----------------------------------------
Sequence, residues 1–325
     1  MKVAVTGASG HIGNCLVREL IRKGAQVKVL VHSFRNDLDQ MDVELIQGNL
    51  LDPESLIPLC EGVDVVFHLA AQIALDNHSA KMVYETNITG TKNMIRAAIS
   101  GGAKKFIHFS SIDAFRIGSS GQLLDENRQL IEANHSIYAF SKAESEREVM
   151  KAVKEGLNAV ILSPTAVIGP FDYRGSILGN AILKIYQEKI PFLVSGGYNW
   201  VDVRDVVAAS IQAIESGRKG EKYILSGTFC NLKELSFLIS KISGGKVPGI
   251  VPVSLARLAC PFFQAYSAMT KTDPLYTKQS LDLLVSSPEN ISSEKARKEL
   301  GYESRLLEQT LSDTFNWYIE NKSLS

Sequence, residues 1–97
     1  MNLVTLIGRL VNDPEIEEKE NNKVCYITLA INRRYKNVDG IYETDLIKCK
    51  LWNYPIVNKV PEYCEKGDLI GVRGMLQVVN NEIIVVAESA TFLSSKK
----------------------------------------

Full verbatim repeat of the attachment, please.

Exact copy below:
Sequence, residues 1–325
     1  MKVAVTGASG HIGNCLVREL IRKGAQVKVL VHSFRNDLDQ MDVELIQGNL
    51  LDPESLIPLC EGVDVVFHLA AQIALDNHSA KMVYETNITG TKNMIRAAIS
   101  GGAKKFIHFS SIDAFRIGSS GQLLDENRQL IEANHSIYAF SKAESEREVM
   151  KAVKEGLNAV ILSPTAVIGP FDYRGSILGN AILKIYQEKI PFLVSGGYNW
   201  VDVRDVVAAS IQAIESGRKG EKYILSGTFC NLKELSFLIS KISGGKVPGI
   251  VPVSLARLAC PFFQAYSAMT KTDPLYTKQS LDLLVSSPEN ISSEKARKEL
   301  GYESRLLEQT LSDTFNWYIE NKSLS

Sequence, residues 1–97
     1  MNLVTLIGRL VNDPEIEEKE NNKVCYITLA INRRYKNVDG IYETDLIKCK
    51  LWNYPIVNKV PEYCEKGDLI GVRGMLQVVN NEIIVVAESA TFLSSKK